Veterinary Medicine (D.V.M.)
See PDF of SDSU courses for pre-veterinary medschool requirements
In addition to caring for pets and sports animals, veterinarians have traditionally maintained healthy and productive commercial food animals and livestock, secured the public health of humans and commercial animals, and treated illness and disease in livestock. Today, however, the breadth of veterinary medicine encompasses much more. While the majority of veterinarians (75%) are still in private small, large or mixed animal clinical practice, county, state, and federal governments, universities, private industry, zoos, the U.S. military, wildlife organizations, racetracks, and circuses are also some of the diverse settings that employ veterinarians.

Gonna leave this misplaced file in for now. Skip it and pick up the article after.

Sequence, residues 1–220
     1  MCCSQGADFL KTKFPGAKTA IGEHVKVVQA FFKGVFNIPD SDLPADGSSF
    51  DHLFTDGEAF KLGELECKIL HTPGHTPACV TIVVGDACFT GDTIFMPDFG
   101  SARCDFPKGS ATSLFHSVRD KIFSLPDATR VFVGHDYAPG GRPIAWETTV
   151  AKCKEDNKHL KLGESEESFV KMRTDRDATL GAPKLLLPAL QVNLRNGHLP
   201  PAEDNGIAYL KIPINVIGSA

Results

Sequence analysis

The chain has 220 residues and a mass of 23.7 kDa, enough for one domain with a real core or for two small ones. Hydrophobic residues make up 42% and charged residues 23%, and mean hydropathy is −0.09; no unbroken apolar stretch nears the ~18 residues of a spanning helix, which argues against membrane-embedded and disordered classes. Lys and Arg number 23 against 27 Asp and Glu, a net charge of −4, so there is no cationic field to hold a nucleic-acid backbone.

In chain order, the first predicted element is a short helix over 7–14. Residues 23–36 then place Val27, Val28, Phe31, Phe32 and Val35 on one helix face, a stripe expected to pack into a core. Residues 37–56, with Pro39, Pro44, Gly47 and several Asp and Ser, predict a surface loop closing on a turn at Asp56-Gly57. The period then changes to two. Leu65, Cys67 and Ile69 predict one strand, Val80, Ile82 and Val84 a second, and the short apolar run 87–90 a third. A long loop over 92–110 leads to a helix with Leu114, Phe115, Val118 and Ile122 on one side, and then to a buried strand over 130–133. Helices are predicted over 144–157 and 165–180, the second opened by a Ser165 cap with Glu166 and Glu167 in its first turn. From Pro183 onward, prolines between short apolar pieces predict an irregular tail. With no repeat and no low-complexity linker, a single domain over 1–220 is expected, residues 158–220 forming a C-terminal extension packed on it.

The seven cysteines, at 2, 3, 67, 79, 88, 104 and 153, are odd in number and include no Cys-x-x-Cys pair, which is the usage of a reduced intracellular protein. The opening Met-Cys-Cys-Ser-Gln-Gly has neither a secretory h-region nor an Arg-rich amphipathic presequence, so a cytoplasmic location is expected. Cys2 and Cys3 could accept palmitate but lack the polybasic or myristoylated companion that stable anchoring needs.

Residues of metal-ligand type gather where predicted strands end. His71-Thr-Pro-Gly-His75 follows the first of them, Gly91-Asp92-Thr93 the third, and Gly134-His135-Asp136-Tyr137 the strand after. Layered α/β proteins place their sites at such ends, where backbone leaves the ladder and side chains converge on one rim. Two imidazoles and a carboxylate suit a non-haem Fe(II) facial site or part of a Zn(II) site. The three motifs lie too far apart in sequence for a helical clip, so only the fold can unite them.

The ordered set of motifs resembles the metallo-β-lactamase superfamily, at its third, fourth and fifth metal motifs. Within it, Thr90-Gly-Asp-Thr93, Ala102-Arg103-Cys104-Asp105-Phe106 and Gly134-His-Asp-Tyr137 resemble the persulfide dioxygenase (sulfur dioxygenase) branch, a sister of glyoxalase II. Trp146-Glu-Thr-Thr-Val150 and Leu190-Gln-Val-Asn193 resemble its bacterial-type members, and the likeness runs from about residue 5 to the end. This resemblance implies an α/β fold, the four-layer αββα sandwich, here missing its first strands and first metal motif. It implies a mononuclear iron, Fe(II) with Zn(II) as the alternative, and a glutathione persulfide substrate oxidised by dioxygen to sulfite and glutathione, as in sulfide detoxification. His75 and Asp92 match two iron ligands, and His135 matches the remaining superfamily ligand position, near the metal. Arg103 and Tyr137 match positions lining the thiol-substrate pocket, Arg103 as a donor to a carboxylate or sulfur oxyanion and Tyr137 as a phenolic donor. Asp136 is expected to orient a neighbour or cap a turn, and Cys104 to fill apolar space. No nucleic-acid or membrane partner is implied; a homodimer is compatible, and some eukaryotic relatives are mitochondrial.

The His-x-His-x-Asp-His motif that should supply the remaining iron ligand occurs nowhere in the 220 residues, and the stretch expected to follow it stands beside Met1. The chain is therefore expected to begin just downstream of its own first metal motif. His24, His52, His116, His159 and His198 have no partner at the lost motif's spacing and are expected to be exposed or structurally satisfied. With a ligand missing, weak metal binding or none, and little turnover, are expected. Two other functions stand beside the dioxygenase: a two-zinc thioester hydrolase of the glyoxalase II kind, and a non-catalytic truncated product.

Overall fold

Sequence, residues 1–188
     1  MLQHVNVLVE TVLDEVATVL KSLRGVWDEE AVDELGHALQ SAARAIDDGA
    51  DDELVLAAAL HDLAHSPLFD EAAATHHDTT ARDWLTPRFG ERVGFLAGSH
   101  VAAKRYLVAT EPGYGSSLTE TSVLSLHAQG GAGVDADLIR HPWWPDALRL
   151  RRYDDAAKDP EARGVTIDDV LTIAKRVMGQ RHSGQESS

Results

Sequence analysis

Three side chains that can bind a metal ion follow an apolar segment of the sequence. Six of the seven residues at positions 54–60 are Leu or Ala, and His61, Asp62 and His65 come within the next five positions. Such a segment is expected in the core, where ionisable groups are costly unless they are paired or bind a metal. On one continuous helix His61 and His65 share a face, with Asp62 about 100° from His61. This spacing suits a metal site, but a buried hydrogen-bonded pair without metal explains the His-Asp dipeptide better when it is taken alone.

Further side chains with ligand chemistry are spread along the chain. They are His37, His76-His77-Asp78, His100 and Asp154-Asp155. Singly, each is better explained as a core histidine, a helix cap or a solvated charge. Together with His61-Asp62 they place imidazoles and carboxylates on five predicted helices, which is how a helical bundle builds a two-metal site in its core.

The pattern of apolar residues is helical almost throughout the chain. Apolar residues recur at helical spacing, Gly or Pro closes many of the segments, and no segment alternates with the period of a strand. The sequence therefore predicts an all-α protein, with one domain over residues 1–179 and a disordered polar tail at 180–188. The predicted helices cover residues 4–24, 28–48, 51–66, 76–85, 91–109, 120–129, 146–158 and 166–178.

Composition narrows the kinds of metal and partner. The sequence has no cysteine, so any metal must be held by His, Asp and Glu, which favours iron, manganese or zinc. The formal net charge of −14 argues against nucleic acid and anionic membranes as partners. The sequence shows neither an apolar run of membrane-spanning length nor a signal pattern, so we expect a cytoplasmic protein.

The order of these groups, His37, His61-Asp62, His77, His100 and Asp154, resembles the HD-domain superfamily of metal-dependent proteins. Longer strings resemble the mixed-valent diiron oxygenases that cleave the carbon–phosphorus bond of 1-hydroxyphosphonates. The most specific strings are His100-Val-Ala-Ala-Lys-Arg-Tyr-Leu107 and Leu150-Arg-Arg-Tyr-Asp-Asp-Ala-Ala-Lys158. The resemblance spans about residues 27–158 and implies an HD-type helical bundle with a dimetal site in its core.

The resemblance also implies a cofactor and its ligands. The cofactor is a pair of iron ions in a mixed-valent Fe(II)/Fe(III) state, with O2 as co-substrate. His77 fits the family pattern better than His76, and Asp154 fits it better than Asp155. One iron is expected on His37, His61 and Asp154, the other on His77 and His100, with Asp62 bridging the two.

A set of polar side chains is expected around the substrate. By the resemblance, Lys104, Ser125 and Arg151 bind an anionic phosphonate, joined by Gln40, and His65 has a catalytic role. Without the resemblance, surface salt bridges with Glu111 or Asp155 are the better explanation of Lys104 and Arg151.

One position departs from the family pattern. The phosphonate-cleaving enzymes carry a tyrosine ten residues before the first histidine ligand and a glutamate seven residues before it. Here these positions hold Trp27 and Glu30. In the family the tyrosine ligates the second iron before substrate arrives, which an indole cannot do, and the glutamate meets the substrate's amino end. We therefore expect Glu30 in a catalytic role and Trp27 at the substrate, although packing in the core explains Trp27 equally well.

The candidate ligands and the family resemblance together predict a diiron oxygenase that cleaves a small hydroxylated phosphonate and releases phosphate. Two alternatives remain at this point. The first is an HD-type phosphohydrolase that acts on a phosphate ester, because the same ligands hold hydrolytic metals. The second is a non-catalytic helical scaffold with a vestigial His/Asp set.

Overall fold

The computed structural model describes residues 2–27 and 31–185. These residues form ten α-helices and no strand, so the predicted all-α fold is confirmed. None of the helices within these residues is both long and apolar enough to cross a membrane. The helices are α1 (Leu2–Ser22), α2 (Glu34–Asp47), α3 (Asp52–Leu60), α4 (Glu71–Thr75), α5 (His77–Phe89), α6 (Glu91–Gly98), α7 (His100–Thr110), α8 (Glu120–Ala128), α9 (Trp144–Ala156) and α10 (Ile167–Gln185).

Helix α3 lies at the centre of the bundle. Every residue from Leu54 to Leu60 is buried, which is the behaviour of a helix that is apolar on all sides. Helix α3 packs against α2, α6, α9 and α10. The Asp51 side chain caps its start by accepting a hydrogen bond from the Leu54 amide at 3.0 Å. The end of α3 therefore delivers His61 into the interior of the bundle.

There are currently 30 accredited veterinary schools in the United States that grant the Doctor of Veterinary Medicine (D.V.M. or V.M.D.) degrees. Education generally includes a bachelor’s degree and 4 years of veterinary school.
For more information, see:
- Association of American Veterinary Medical Colleges
- US Veterinary Medical Schools and Colleges
- American Veterinary Medicine Association
- Student American Veterinary Medicine Association